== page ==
Marathon Training Diary, Week 4: The importance of failure

25 July 2016  |  Alex

The Irish author Samuel Beckett once wrote: "Ever tried. Ever failed. No matter. Try again. Fail again. Fail better." and I think that this is something that it is always important to bear in mind when thinking about running – how to deal with failure. Before I took up running seriously, I had previously tried to get into it without any success. I started running laps around an artificial lake near where I lived – it was a flat route, roughly a 10k including one lap of the lake and the journey to and from my house – but I could never make it stick for more than a month.

I often think about why I couldn't get into running earlier (especially considering how dedicated I am to it now) and it becomes difficult for me to place myself in my old shoes. The main thing that held me back – and I think it is the same thing that has held back a number of other would-be runners – is my inability to fail. But what exactly is it I mean when I talk of failure?

Ever Failed

Running has, for me at least, been a consistent battle between what I want my body to do and what my body can do. For example, when I very first got into running, my failure was the failure to run for more than a couple of minutes without being overtaken by breathlessness, fatigue and general pain. My lack of will to fight through these impediments led me to give up on the entire idea of running as a means of improving my fitness.

Even though I managed to fight through this barrier to even starting to run, I have continued not to be able to run as well as I would wish. One major example (and one that particularly sticks in the craw) is the fact that in my last two – or first two if you'd rather – marathons I have been unable to get a sub-four hour time. The four hour marathon marker is commonly held as the divider that splits the serious marathon runners from the fun runners (I like to think of myself more in the former category) and despite the hours, bloody nipples, bruised feet, early mornings and missed nights out that I endured, I still couldn't reach it. The salient question to ask is: what is the point in continuing?

Try Again, Fail Again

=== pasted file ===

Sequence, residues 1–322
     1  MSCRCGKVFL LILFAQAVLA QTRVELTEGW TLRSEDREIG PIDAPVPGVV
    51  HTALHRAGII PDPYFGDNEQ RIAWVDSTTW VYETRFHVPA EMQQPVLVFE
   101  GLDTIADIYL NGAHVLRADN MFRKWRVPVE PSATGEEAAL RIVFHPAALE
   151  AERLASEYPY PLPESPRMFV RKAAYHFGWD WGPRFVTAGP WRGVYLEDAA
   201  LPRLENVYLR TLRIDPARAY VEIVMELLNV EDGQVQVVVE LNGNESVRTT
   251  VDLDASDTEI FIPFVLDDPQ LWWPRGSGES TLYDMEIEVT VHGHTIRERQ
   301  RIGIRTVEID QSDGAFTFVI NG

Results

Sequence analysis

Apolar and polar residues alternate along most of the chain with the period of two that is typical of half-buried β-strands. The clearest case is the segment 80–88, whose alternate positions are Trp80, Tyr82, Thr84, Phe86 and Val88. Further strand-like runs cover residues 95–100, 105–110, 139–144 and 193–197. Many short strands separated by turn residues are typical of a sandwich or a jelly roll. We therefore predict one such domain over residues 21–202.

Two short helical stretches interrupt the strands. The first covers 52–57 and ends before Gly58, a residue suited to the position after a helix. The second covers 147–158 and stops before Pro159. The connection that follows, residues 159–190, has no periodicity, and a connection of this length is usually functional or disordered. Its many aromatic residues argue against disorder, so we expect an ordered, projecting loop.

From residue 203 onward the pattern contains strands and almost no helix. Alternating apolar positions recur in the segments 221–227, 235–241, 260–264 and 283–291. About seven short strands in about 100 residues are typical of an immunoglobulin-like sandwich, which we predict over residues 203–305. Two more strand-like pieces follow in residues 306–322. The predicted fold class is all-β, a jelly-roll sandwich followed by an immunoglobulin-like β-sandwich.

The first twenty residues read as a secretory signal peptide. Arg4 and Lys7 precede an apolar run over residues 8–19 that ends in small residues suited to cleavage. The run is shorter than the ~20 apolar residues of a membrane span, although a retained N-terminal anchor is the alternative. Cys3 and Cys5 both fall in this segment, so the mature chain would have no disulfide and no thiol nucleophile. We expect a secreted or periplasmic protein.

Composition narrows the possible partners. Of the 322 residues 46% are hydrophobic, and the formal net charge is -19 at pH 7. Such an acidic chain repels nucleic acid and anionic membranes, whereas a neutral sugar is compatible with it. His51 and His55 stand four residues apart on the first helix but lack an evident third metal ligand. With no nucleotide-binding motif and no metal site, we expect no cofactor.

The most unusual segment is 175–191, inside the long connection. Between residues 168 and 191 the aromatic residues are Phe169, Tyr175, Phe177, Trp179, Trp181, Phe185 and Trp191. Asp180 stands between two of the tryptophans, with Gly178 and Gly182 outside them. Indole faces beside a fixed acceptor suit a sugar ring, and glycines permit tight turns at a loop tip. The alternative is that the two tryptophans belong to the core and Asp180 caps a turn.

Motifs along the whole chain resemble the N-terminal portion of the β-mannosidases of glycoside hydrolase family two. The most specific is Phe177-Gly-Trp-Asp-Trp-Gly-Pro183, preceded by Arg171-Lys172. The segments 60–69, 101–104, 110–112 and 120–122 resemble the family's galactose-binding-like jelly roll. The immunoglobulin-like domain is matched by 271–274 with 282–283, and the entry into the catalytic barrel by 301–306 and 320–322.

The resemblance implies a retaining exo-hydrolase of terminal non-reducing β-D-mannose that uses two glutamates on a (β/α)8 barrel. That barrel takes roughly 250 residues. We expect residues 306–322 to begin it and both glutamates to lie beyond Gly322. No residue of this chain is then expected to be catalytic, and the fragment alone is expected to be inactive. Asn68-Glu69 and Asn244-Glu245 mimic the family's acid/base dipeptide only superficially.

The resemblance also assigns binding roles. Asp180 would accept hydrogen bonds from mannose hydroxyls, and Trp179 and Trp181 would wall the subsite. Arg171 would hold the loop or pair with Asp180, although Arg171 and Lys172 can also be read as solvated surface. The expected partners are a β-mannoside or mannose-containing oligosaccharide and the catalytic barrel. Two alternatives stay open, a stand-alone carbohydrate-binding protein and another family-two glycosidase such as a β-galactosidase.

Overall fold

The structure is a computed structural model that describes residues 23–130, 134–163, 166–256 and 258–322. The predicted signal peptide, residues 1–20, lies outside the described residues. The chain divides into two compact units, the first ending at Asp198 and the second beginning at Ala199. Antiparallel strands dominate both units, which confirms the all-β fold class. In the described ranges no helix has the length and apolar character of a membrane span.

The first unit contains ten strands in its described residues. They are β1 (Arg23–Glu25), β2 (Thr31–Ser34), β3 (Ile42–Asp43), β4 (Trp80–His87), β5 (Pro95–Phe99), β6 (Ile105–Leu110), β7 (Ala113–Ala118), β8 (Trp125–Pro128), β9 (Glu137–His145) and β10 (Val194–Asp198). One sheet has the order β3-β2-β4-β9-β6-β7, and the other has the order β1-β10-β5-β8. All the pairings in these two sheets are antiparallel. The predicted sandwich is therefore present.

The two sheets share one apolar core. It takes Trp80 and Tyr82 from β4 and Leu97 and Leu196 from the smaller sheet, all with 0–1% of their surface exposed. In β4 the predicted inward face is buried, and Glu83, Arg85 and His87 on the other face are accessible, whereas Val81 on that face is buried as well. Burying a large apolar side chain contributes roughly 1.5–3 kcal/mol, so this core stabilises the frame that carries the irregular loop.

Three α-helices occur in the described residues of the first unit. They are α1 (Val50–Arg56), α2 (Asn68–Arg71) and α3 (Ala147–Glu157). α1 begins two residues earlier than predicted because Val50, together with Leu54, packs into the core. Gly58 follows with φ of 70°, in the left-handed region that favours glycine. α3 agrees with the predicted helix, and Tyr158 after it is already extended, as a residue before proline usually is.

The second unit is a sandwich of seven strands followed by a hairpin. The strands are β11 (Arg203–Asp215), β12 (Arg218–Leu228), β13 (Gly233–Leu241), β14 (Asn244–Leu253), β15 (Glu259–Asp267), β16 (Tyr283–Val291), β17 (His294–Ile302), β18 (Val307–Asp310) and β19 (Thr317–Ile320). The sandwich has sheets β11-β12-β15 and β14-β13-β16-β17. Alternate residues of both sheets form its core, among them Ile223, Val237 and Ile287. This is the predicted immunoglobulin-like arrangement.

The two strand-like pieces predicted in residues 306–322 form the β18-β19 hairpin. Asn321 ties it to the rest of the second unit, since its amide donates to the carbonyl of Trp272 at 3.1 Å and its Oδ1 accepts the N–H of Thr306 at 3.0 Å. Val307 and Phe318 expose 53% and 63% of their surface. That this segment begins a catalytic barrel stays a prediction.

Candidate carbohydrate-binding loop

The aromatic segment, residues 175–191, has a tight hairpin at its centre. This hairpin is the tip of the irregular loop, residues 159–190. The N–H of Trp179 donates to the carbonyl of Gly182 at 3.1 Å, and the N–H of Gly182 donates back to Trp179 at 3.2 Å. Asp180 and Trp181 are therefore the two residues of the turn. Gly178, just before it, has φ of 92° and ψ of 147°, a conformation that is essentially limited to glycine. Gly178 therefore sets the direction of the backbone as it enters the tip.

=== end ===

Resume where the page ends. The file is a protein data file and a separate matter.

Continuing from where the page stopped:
Failing to hit the targets that you've set yourself is not the worst thing a runner can do – the worst thing that a runner can do is quit trying to hit targets altogether. Some people may be natural runners, for whom bounding along to a sub 3-hour marathon is no big deal, but I will never be one of these people – my only option is to put in as much hard-work as I can until I can reach these sort of goals.

One of the best gifts that a runner can have is the ability to see through the apparent lack of progress and see the positive side. For example, with my marathons I might not have hit my target times but with the second one I did manage to run it 8 minutes quicker than the first. In the same vein, just because you haven't beaten your personal best for a 5 or 10k in a while, maybe you are improving in other regards, for example greater consistency.

Fail Better

At the end of the day, the chances are that if you're a runner you will never be as good as someone else. Every year, a race like the London Marathon has 2 winners and 29,998 losers – so why bother in the first place? The answer is that with running, winning doesn't have to be end goal – even the very pursuit of a goal becomes meaningful as long as you deem it so. The secret is to try again, to fail again and (most importantly) to fail better.

My Week in Running

After last week's period of slackness, I managed to polish off a 28km run through the heart of East London to Tottenham this weekend. My speed this week was somewhat impeded by the fact that the weather has been unseasonably warm (of all the things you expect from a British summer, heat is not one of them) and this Sunday, the sun was being especially punishing. I even ended up with a rather unbecoming vest-tan due to my choice of attire and hubris of thinking that in England it's never necessary to wear suntan lotion. There's definitely a reason that most marathons are run in the spring or autumn!

Top 5 Running Songs of the Week

Martha Reeves and the Vandellas – (Love is Like A) Heat Wave

A song that I thought would be particularly apposite this week (considering the sudden rise in temperature around the country) – who'd have known that a song about a heatwave could be so cool?

Fifth Dimension – Aquarius (Let the Sunshine In)

A medley of two songs from the musical "Hair", this is another song that is perfect for running on one of those uncommonly nice days that can sometimes happen (once in a blue moon...)

Grip Grand ft. A.G. – Poppin' Pockets

Featuring the sort of high pitched sample of which Kanye West is so fond, Poppin' Pockets is a song about something to which we can all relate – being stone cold broke.

Blondie – Heart of Glass

Riding the zeitgeist of the late 70s New York disco, Blondie's Heart of Glass became a huge cross-over smash and has danceability that stretches to even the modern indie disco.

Primal Scream – Loaded

Another timeless favourite, Primal Scream's ode to getting lit is such an infectiously joyous song that it's hard not to feel enlivened upon hearing those first few trumpet notes. Ideal for a victory lap, most definitely.

I think that that's about all I've got time for this week, but come again next Monday when the topic is going to be how to deal with your environment while running.

Are you as big of a failure as me? Well in that case I want to hear from you! Tell me what keeps you motivated through those stretches where it seems like nothing is going right for you.